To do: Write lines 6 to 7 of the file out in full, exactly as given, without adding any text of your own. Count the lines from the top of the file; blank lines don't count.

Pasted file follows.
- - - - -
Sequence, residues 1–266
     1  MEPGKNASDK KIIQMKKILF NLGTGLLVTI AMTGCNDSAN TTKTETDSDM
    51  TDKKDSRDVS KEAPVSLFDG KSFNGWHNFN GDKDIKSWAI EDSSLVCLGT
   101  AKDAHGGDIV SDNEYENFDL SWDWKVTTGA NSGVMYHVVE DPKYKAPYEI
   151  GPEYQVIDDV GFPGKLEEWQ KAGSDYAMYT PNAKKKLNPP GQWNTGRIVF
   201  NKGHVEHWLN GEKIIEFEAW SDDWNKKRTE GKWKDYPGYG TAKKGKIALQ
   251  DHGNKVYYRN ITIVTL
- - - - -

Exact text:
   201  NKGHVEHWLN GEKIIEFEAW SDDWNKKRTE GKWKDYPGYG TAKKGKIALQ
   251  DHGNKVYYRN ITIVTL